The Mask

By Reagan Kaelle, TIWP Student

Everybody wears a mask. It hides your identity, face, and emotions. Masks are armor. In this society, they seem to protect us. But I don’t think that’s true. Masks prevent authenticity and genuine connection. I can stare into the faceless metal shield for as long as I want, but in the end, I never empathize, sympathize, or even remotely care about the façade being present to me. It takes centuries to build your mask up. Layer by layer, you stop being vulnerable to prying eyes and the fear of expressing emotion. You can walk through the streets of the city and all you will witness is a world devoid of creativity and passion.

We have been stripped by the very thing that claims to build us up. These identical walls are dubbed the great equalizer. They are preached and coveted. No longer is the human race subject to visual preference. Now the parasitical shield has expanded; not only is there a physical mask, but a mental mask, as well. We have stopped really seeing anyone. While you can’t change your appearance, it is fundamentally easy to change other’s perception of you. Everyone has­ become excellent shapeshifters, not changing their forms but instead their personas. Anyone can be anything to any particular person. Dispositions are changing.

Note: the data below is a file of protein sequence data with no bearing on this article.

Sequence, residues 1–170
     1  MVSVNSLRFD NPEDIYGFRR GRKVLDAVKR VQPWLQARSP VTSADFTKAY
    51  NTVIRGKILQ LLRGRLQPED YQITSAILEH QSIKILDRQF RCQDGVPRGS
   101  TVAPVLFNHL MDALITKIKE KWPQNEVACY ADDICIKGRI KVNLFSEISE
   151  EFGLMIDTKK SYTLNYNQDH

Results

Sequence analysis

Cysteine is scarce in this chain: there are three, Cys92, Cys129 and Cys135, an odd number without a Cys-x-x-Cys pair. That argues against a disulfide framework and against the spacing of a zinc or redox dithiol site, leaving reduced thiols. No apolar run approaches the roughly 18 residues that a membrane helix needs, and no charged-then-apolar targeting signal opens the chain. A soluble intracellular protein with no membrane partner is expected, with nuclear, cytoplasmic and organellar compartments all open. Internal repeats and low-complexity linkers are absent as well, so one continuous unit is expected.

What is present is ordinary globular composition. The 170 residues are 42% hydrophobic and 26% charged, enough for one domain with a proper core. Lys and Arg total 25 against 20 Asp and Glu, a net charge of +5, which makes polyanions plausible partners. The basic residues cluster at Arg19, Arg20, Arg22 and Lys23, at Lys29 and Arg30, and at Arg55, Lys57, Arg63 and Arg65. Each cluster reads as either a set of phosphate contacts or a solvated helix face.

If you take off the mask, you die. Instant termination. You are categorized into one of two boxes—suicidal or dissident—both looked down upon with universal scorn. I have gone my whole life without seeing a face, seeing truth or clarity in a fellow human’s eyes. But if I will never see veracity, then that is the point of the mask?

Today I took off the mask and walked the streets of the city. Nobody saw me. Their eyes simply slid past me, as if I was an inanimate object. I walked the streets of the city today without the mask but still nobody saw the real me. It’s as if I was still hiding behind the metal.

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